I’m sharing this video from the list25 YouTube channel, because it talks about stuff that has been in my mind lately with this year’s presidential election. Especially since most of the people around me did not grow up in the United States, it made me reflect on why U.S. values are what they are. I think this channel makes a good point.
In the video description, it says:
The United States is a very misunderstood country. In fact, almost everybody in the world has a different point of view concerning what it should/could be and the media never helps. As big as it is, generalizations are very hard to make. Every state is different. Actually, every state even has its own military! To understand why America is what it is you need to go back to its roots. It was built by people trying to escape government. It was built with a wild west, this-land-is-mine mentality. It’s a no-government-can-tell-me-what-to-do mentality. It’s survival of the fittest and this mentality survives until today. For better or for worse these are 25 things that visitors will find most surprising about the United States.
I’ve also noticed how my thinking has changed from this. I want everyone to have certain resources or rights regardless of what they’ve earned or haven’t. In U.S. culture, there is an underlying assumption that if you don’t do well, it’s because you’re lazy and didn’t work hard enough. It doesn’t take into account forces that are difficult for an individual to control.
Of course, in pioneer days, people had to survive regardless of the forces, like those of nature, that we couldn’t control. And we helped our neighbor to survive them too. If they didn’t succeed, people suffered and died. Life was hard, but some people thrived.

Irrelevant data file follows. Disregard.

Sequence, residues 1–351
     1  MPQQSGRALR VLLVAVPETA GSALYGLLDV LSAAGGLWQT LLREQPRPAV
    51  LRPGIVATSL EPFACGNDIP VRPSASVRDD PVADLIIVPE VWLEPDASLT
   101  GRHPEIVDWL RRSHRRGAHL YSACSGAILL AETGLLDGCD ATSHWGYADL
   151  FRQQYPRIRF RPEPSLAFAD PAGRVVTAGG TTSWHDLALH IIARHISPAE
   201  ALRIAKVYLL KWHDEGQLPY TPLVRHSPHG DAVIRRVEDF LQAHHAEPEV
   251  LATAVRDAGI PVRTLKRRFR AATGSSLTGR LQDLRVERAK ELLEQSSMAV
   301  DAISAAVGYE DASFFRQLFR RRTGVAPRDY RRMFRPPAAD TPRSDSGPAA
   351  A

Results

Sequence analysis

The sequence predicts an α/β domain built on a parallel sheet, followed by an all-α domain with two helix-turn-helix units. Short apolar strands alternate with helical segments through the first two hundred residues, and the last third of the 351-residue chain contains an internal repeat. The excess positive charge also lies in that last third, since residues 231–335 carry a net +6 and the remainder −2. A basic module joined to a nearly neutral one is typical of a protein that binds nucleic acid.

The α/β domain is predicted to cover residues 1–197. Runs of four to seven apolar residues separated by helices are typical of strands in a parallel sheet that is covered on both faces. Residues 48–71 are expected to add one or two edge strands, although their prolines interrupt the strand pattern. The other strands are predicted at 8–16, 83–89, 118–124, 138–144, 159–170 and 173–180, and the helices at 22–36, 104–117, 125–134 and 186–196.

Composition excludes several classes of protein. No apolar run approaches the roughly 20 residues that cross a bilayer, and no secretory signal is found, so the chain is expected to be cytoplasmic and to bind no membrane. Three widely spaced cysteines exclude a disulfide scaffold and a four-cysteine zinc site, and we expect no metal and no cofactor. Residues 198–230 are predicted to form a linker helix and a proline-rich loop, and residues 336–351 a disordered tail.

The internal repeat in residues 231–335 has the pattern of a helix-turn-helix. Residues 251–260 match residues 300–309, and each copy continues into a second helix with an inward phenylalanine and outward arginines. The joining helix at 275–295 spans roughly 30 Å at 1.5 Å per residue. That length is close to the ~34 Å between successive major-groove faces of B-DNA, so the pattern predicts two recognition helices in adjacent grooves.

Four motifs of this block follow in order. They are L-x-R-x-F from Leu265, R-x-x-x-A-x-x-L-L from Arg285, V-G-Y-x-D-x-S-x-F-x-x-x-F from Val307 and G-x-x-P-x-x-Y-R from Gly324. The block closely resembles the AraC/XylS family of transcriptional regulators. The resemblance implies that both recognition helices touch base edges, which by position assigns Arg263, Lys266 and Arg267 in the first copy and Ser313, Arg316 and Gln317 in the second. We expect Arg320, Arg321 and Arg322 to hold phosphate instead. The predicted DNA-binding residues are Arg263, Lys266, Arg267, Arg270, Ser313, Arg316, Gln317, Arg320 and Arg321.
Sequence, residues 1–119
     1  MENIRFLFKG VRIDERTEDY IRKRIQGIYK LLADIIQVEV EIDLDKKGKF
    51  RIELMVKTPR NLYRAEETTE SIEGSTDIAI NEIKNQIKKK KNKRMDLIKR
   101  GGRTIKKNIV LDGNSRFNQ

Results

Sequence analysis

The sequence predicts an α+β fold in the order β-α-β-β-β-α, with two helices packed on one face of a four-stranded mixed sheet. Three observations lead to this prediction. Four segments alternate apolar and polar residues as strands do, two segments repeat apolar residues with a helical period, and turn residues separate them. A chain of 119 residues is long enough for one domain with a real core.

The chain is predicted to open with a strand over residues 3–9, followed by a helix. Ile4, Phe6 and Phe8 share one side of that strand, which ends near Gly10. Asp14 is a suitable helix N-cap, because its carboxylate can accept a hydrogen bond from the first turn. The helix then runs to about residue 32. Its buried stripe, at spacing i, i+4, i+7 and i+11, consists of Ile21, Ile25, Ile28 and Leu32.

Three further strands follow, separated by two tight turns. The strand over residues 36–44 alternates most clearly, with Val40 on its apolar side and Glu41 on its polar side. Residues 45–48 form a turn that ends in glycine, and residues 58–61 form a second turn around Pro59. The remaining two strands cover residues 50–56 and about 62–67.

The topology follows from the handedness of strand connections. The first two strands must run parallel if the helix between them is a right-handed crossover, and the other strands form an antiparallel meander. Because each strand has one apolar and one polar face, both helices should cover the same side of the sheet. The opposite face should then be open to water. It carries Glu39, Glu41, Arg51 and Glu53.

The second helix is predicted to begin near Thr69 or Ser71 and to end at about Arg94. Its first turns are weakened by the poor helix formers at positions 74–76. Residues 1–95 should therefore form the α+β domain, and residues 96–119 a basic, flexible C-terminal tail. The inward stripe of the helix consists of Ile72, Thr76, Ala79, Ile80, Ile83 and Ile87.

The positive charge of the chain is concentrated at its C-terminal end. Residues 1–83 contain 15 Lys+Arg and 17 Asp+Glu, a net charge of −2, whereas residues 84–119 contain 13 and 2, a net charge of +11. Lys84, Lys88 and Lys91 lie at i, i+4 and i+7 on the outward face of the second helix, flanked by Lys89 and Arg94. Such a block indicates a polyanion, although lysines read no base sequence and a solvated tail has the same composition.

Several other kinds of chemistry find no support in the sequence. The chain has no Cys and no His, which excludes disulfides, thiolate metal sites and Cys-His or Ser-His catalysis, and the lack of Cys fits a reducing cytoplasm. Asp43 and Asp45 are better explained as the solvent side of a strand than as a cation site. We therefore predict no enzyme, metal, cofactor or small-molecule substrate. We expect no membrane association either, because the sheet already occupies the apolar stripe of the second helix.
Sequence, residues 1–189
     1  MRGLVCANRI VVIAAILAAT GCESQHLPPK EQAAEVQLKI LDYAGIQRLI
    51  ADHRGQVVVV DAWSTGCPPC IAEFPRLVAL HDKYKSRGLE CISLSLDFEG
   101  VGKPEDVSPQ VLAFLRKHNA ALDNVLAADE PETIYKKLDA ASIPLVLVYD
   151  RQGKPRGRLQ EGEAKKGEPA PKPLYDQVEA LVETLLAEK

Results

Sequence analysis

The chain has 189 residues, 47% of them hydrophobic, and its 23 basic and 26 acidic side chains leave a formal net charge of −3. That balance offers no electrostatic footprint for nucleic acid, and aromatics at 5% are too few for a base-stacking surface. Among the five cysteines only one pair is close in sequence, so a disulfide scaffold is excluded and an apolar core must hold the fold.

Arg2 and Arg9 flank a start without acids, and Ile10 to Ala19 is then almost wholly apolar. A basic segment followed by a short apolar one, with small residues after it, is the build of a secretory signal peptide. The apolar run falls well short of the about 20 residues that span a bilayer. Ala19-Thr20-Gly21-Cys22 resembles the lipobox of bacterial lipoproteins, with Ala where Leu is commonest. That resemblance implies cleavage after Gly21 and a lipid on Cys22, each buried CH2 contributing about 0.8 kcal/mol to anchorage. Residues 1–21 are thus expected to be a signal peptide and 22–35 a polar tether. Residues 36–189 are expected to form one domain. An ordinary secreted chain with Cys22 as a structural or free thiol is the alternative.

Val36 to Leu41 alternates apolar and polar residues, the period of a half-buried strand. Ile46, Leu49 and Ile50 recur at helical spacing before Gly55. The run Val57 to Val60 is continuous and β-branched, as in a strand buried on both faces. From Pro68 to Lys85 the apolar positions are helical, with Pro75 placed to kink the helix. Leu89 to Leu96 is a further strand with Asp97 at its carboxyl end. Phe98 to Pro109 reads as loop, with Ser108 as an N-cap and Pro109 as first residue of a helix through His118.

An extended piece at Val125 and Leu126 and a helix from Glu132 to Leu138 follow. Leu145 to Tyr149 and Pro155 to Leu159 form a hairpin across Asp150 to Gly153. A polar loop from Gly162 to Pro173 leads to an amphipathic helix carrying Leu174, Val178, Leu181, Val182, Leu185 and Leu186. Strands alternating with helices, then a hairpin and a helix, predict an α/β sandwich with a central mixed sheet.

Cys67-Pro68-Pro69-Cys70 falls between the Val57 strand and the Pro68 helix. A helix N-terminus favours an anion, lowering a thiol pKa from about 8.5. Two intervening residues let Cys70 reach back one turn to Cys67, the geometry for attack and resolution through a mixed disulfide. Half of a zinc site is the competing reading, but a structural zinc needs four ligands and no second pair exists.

At the same time, I am still leery of “big government” and “Big Brother.” So then, the job of making sure everyone has their basic needs met, including training to support themselves in society, falls to the “people.” However, I haven’t been doing much to help besides trying to raise awareness and consciousness. Maybe it’s enough, or maybe not.
As Ilchi Lee‘s new book with Dr. Emanuel Pastreich, Earth Management, proposes, both individuals, society, and the government should act with the Hongik spirit—we should act to benefit all others in addition to ourselves. However, the book emphasizes the power and responsibility of the individuals to make a change, especially considering society’s systems have failed to do it so far and considering that it’s harder to change those systems. Perhaps the United States’s culture of philanthropy is a ripe field for developing a Hongik society from the ground up.